End-to-End organisers thrilled’ by turnout
The turnout for Saturday’s XL Catlin End-to-End was lower than expected with the bad weather deterring many participants.
But Anne Mello, the chairwoman of the End-to-End Charitable Trust, was “thrilled” that more than 1,000 still braved the “foul” conditions to raise money for charity.
“People were so upbeat, spirited and determined to finish,” she told The Royal Gazette. “It was a joy. I am thrilled at seeing that kind of outcome.”
“After 29 years, I can say I didn’t hear one complaint,” she said, adding if there was ever an event to complain about, this would have been the one.
Sign-up numbers had suggested about 2,500 people would participate and Ms Mello estimated that between 1,200 and 1,500 ended up taking part.
“We can be praising everybody that turned up,” she said. “It was just an incredible, fulsome, spirited community event. The whole community came together to make that happen.”
Ms Mello added that everyone involved “gave their absolute best”.
“I really felt Bermuda was pulling together for this unique experience.”
She praised the “extraordinary” road marshals, who remained “so good-humoured” while out in the elements, and also thanked those manning the water stops “in such a kind-hearted way”.
“I don’t think we can thank Bermuda enough and all our fabulous sponsors,” she added.
While fundraising efforts took a hit because of the weather, Ms Mello said tallying the donations for the 29th annual event will take until early June as funds continue coming in, along with matching donations from companies. This year’s beneficiaries include Family Centre, Pals, the Coalition for the Protection of Children, Pride and Open Airways. According to the Bermuda Weather Service, the island saw more than two inches of rain on Saturday.
Predicted stormy conditions led to Friday’s swim event being postponed and Saturday’s cycle portion being cancelled.
But organisers had vowed that the walk would go ahead and despite the wind and rain, participants had a blast as they trekked their way across the island for a good cause.
Danielle Marr, of Pembroke, started off in St George’s and described the experience of walking and running the whole 24.1 miles for the first time like being “in a hurricane”.
“It was just really fun,” the 32-year-old said. “I literally just zoned out and went. There was no thinking.”
She had set out to walk and jog the length of the island, but “ended up running more than I walked”.
Looking forward to a good meal at the end was what kept her going, she added.
Shawnita Furbert, of St George’s, also ran all the way to Dockyard.
“I left St George’s. I enjoyed it. I do it every year,” she said. “It hasn’t rained for many years. It’s rained and stopped but never like this.”
But Ms Furbert had her mind set on completing the challenge no matter what the weather threw at her.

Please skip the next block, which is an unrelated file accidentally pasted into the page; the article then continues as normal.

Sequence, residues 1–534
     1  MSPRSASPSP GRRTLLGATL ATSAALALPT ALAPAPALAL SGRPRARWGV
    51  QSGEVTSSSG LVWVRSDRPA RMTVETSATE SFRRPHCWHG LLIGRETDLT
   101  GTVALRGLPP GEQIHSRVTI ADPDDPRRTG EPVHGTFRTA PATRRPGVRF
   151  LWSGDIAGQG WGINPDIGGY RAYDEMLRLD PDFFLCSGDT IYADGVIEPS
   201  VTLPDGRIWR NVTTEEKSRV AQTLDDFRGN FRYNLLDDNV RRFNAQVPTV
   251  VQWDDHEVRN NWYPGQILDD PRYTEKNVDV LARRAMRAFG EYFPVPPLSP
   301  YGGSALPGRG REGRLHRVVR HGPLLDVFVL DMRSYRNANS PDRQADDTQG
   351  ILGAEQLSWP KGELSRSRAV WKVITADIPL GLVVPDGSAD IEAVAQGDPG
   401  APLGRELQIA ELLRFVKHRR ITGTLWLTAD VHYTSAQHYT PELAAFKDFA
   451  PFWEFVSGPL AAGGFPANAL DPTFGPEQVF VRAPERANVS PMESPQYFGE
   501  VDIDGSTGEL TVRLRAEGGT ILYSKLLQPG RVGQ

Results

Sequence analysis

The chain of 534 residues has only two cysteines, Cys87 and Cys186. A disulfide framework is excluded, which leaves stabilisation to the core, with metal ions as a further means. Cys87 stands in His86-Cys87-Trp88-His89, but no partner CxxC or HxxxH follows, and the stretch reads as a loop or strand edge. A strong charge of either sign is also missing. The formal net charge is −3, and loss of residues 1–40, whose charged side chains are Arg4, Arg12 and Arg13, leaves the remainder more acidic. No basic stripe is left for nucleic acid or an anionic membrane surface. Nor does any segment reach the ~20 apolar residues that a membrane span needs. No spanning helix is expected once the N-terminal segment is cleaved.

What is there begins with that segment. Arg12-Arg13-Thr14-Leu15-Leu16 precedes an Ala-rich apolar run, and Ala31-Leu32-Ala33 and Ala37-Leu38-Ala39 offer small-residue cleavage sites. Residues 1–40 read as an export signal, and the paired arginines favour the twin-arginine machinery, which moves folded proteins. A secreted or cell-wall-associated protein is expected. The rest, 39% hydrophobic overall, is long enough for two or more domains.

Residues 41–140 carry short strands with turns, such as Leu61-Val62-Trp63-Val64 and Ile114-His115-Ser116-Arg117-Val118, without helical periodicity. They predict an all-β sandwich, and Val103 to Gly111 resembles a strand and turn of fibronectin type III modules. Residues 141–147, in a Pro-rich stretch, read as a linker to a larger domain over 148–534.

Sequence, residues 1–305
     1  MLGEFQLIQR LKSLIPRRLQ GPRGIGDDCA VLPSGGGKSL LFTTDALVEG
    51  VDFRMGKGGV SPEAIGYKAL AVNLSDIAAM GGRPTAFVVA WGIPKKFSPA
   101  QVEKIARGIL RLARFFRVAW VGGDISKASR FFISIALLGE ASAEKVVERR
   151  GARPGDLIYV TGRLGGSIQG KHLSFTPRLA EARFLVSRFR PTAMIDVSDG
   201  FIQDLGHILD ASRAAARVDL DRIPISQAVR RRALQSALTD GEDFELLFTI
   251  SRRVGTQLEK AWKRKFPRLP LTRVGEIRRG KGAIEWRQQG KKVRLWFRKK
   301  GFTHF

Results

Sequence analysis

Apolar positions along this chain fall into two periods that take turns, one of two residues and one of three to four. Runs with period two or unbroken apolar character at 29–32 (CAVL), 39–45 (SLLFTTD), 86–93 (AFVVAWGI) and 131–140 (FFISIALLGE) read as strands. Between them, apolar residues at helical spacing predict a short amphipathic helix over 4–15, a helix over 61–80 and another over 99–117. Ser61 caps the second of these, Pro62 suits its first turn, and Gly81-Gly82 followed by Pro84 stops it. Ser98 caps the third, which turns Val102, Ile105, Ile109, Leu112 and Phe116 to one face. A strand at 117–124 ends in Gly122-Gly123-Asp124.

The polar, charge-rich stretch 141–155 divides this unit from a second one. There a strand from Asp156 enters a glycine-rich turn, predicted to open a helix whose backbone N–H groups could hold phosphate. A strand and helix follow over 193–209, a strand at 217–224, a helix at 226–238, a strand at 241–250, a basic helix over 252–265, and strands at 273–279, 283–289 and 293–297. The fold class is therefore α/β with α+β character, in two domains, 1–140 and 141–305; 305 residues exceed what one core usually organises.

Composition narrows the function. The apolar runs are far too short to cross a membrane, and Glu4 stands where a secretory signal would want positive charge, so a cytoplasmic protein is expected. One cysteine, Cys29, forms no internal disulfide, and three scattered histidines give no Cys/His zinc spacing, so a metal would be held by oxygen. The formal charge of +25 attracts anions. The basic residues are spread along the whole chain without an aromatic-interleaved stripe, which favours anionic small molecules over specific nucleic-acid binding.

“It’s for a good cause, so why not?”
Violet Fletcher, from Halifax, ran the Middle-to-End for the first time and also thoroughly enjoyed the experience.
“Today was beautiful,” she said. “I didn’t have to worry about getting burnt. I really enjoyed the rain because it’s warm. You can dance in the rain!
“It’s not snowing, it’s not a blizzard, it’s above ten degrees, so I’m happy.”
Ms Fletcher spoke to the The Royal Gazette as she received a free massage at the finish line.
Volunteer physiotherapists and massage therapists were on hand to treat sprains, muscle cramps and muscle tightness, while nurses and St John Ambulance volunteers assisted with other health concerns. It is understood that one unidentified man was taken to hospital via ambulance from Dockyard for an unspecified complaint.
Cyclists also joined the hundreds of walkers, who battled the blustery conditions as they made their way from St George’s and various other locations to Dockyard.
Veteran End-to-End cyclist Mike Smith had fun despite the unrelenting rain.
“This is the worst End-to-End I’ve ever done. It rained from beginning to end but it was exciting,” he said.
Mr Smith decided to cycle even though the cycle portion had been called off, saying, “this is my dedication”. “If I say I’m going to do something, I’m going to do it.”
Meanwhile, Dennis Bean, of Devonshire, cycled the Middle-to-End in one-and-a-half hours.
“Last year, I did it and it wasn’t too bad,” the 27-year-old said. “This year in the rain — I guess it was a good experience. I definitely wanted to do it regardless.”
Allie Riihiluoma, 12, and her friend Casey Morris, 12, also cycled the Middle-to-End.
Mark Riihiluoma, Allie’s father, said everyone had a good time regardless of the weather.
“It was great,” Allie said. “Jumping in the puddles was fun.”
Casey added: “It was quite windy but it was OK. We saw a lot of friends along the way.”
According to Ms Mello, fundraising efforts did not quite live up to previous years, with the bad weather forecast causing a drop in sign ups by Thursday.
But she stressed that the fundraising website will open again this week for outstanding pledges. She also encouraged people to take part in the swim event, now set to take place on Friday from the Hamilton Princess at 5pm.
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